More family responsibility, more informal care? The effect of motivation on the giving of informal care by people aged over 50 in the Netherlands compared to other European countries
Against the backdrop of ongoing population ageing, informal care occupies an important place on European political agendas. This article discusses informal caregiving by middle aged and older persons in the Netherlands and other European countries, with particular emphasis on the role played by motives. The data are drawn from SHARE. Our results show that in the Netherlands, it is mainly feelings of being needed and obligation that increase the chance of informal care being given. Deriving pleasure from an activity, by contrast, reduces the likelihood. In Southern Europe, where the responsibility for providing care lies with the family, we found that, contrary to expectations, older carers do not more often feel obliged. They less often report that they feel needed or see being socially active as a way of contributing to society. Our simulations suggest that if the socially active Dutch had the same motives as their Southern European counterparts and behaved similarly in terms of informal caregiving, the number of informal carers would fall. This implies that a greater policy emphasis on family responsibility could actually bring about a decline in the amount of care given, as opposed to the envisaged increase.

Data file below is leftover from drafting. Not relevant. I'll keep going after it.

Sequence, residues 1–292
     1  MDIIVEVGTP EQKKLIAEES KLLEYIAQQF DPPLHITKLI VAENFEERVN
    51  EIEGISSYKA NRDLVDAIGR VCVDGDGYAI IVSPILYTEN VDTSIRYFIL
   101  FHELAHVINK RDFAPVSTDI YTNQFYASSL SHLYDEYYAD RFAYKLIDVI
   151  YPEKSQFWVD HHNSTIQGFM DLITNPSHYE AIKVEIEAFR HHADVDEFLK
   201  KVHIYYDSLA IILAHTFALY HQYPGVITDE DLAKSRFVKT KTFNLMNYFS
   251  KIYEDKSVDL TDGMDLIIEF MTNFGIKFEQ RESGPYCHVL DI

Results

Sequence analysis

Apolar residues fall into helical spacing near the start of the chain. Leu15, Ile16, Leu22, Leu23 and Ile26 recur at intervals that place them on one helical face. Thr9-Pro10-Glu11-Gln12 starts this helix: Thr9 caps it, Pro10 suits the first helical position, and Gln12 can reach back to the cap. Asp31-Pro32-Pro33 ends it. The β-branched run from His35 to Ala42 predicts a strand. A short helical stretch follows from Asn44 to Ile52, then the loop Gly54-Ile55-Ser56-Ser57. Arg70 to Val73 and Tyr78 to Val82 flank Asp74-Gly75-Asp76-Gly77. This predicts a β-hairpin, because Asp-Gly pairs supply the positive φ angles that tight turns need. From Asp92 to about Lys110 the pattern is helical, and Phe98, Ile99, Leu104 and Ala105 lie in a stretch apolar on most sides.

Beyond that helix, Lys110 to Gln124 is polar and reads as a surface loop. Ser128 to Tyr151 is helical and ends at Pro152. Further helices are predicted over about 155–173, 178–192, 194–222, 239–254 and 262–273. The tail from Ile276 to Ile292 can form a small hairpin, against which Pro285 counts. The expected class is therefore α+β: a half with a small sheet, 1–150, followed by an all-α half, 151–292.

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- Mellström, Carl & Johannesson, Magnus, 2005.
"Crowding Out in Blood Donation: Was Titmuss Right?,"
Working Papers in Economics
180, University of Gothenburg, Department of Economics, revised 08 Feb 2008.
- Carl Mellström & Magnus Johannesson, 2008. "Crowding Out in Blood Donation: Was Titmuss Right?," Journal of the European Economic Association, MIT Press, vol. 6(4), pages 845-863, 06.
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